Let’s Get Moving!: Eight Ways to Teach Information Literacy Using Kinesthetic Activities

  • Chisholm A
  • Spencer B
Citations of this article
Mendeley users who have this article in their library.


Kinesthetic pedagogy uses physical movement to stimulate learning; recent studies in higher education increasingly reveal the effectiveness of kinesthetic activities (KAs) in college teaching. Accordingly, this paper suggests that academic librarians explore the use of kinesthetic activities in their instruction. Librarians have designed many excellent classroom activities based on other active learning pedagogies that happen to provide opportunities for some student movement. However, few librarians have intentionally incorporated KAs into their instructional design or contextualized their efforts within kinesthetic pedagogy. Nevertheless, some existing teaching methodologies discussed in library literature can offer a starting point for kinesthetic-conscious information literacy (IL) teachers. This article presents librarians with a menu of effective, evidence-based library activities documented in the literature along with practical advice from our trial-and-error experiences to enhance the kinesthetic benefits of these activities and manage student movement in the classroom.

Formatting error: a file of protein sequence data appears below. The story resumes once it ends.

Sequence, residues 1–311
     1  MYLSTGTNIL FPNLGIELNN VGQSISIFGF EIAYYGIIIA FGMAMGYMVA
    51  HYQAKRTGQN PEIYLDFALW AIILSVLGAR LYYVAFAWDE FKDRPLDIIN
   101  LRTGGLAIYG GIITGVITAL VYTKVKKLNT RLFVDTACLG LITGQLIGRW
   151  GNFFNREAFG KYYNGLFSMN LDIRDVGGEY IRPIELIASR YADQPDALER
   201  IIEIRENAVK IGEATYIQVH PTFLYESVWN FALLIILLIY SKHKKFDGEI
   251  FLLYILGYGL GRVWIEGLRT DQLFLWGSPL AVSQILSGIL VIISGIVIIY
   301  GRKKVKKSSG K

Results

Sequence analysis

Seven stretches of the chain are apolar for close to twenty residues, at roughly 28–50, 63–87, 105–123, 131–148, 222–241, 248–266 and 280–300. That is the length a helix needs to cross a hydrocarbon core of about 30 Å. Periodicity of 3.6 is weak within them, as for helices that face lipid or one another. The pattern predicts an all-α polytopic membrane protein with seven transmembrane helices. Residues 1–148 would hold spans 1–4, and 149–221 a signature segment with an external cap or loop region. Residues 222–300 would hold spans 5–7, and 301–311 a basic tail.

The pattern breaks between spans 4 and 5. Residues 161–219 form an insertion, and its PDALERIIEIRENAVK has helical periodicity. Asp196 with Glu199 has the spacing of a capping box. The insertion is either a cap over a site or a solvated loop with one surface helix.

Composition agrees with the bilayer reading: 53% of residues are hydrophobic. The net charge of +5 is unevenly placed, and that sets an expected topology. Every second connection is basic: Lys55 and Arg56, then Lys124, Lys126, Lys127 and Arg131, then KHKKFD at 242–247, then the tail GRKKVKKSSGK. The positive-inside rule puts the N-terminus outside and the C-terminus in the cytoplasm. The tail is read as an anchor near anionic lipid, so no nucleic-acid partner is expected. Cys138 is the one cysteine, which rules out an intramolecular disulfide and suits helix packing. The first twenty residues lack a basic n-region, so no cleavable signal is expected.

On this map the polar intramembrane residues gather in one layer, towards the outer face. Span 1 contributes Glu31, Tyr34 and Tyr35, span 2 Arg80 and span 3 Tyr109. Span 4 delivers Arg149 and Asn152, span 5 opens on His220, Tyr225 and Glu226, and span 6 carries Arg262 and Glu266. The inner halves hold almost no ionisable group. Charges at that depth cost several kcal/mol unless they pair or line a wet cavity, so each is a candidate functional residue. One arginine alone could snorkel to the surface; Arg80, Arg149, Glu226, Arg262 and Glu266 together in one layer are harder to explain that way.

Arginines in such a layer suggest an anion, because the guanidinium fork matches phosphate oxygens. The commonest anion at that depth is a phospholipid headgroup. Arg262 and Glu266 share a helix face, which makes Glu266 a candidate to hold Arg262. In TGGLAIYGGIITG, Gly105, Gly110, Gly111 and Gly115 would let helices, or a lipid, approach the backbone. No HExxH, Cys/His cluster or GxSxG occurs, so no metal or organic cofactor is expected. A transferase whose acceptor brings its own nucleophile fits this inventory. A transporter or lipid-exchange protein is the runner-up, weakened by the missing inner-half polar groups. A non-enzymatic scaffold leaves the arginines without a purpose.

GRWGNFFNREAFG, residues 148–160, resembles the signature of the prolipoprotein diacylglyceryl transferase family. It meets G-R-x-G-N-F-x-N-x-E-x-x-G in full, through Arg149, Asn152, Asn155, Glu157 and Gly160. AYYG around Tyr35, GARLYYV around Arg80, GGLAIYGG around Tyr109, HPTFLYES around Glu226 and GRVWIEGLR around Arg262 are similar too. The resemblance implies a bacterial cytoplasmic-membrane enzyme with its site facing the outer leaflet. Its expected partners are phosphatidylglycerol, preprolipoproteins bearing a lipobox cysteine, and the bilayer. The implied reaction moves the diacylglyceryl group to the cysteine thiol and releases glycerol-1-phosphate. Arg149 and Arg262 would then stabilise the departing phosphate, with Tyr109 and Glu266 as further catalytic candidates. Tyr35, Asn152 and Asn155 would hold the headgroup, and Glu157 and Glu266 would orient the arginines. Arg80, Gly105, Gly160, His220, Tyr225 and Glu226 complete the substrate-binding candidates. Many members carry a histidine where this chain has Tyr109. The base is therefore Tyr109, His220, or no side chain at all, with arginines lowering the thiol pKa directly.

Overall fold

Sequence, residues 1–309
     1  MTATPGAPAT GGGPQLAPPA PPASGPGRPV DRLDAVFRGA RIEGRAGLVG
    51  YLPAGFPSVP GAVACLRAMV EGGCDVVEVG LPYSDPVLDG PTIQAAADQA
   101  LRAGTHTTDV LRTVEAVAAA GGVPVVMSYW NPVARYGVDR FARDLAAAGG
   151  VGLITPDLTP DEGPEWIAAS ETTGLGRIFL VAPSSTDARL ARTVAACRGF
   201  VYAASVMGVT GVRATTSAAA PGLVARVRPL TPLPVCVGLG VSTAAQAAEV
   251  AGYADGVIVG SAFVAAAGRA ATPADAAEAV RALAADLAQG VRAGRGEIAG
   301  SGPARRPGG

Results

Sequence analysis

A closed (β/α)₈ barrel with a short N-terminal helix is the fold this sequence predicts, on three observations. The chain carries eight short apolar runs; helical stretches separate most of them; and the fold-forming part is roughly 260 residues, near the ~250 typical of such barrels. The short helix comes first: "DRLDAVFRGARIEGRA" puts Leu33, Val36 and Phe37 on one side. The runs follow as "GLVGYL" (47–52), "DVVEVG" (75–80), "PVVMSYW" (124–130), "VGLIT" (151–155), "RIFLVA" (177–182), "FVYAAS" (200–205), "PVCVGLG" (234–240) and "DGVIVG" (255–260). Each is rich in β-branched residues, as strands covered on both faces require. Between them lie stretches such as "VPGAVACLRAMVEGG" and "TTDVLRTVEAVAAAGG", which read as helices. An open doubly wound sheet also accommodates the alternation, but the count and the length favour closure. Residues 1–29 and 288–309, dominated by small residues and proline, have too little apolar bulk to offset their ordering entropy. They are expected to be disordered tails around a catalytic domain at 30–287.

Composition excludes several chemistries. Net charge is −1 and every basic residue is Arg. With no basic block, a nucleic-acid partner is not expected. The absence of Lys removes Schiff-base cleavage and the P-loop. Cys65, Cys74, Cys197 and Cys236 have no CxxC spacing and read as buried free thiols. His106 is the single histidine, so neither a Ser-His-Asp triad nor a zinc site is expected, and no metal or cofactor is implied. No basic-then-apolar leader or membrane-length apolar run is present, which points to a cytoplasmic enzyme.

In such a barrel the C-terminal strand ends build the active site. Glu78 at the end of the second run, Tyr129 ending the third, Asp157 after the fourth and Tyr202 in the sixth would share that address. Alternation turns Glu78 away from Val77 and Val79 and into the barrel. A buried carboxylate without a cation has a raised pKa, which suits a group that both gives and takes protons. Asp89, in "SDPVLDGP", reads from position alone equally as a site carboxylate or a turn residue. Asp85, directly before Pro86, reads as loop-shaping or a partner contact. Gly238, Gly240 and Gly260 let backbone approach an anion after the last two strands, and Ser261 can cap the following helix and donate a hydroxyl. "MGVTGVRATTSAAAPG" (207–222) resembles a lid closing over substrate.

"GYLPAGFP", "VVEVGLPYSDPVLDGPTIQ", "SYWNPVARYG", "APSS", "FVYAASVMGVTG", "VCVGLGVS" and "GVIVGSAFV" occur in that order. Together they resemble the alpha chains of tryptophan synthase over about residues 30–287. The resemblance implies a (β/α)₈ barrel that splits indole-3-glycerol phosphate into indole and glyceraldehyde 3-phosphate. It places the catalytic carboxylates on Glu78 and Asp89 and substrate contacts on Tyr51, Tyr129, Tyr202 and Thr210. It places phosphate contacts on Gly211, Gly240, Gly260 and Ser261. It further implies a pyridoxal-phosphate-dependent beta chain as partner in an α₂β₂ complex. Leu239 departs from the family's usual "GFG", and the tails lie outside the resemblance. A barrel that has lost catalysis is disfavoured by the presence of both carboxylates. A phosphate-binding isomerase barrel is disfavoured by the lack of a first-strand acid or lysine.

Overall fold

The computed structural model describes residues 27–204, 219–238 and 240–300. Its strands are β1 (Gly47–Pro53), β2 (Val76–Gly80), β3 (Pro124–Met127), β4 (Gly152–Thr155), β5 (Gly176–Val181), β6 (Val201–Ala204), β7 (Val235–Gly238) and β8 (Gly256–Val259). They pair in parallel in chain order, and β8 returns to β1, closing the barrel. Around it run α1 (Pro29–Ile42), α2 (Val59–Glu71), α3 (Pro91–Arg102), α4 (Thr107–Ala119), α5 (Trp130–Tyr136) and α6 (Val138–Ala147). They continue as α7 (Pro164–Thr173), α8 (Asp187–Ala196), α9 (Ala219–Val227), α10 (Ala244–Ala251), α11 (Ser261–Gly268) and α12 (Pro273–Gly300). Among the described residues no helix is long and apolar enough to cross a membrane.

Chisholm, A., & Spencer, B. (2017). Let’s Get Moving!: Eight Ways to Teach Information Literacy Using Kinesthetic Activities. Pennsylvania Libraries: Research & Practice, 5(1), 26–34. https://doi.org/10.5195/palrap.2017.141

Register to see more suggestions

Mendeley helps you to discover research relevant for your work.

Already have an account?

Save time finding and organizing research with Mendeley

Sign up for free